Truthfulness generates trust. This starts with a truthfulness about ourselves. If we pretend to know it all, be all confident and yet those around us can see that we are not, they will find it hard to follow us. They will say to themselves, ‘if they can’t even be honest about themselves, how can I trust them when the chips are down?’ So, as leaders we need to be able to say, ‘I’m not sure’ or 'this is an area I am not so strong at' or ‘I think XX may be better at this than me’. When we do that it doesn’t make us weaker, it makes us more trustworthy. Now, of course, people don’t want their leader constantly putting themselves down and listing all their weaknesses every day, but showing we are self-aware shows balance.

Authentic values – Morality

Having integrity, doing the right thing even if no-one is looking brings security. Integrity is based on core moral principles such as truthfulness and honesty. When people see you display this authentically, they know that even in tough times you will do the right thing. They will be drawn to you as they know in tough times you will do the right thing and look after them. I have worked with leaders of authentic values and I would walk with them for miles because of that. Sadly, on occasion, I have also worked with leaders whose values were not authentic, who distorted the truth and made decisions based on their own safety at the expense of others. It not only destroys trust in them but damages the reputation of leaders in that field. Authentic, lived out values is the bedrock of an authentic leader.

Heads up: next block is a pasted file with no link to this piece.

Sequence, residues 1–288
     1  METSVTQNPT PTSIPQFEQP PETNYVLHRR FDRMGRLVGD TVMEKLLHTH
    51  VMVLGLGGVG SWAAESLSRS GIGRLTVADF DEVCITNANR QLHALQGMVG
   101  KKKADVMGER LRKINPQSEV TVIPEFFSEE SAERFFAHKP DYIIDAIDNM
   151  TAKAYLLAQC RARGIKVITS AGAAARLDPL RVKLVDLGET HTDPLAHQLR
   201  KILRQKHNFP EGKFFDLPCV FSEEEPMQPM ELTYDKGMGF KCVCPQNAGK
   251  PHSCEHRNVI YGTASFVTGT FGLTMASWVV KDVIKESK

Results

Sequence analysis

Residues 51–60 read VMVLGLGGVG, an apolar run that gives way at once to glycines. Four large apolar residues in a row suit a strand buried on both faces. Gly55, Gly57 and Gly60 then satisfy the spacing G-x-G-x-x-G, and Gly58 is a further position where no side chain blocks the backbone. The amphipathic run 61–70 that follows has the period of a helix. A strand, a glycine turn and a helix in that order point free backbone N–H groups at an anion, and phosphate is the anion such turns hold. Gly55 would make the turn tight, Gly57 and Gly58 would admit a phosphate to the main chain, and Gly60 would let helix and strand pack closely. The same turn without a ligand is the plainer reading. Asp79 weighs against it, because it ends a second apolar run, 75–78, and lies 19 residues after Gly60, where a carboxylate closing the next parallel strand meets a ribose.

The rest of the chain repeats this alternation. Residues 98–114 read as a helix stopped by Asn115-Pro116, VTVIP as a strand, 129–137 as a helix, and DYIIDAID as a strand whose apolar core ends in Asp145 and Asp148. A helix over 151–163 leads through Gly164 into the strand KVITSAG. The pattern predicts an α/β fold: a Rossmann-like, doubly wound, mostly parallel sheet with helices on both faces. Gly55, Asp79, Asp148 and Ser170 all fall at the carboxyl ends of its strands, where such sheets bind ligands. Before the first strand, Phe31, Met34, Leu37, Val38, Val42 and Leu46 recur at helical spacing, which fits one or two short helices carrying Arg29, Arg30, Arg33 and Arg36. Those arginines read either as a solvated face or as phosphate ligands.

Authentic relationships – Dependability

I was chatting to two people recently, both of whom recounted times when so-called friends let them down. Promising friendship but when difficulties or a ‘better offer’ came along, they chose to abandon the person. Being a leader is not about being everyone’s best buddy, but it is about forming honest and trustworthy connections. Getting to know people as people and not for gain. Delivering what you promise to those you work with.

Authentic understanding - Empathy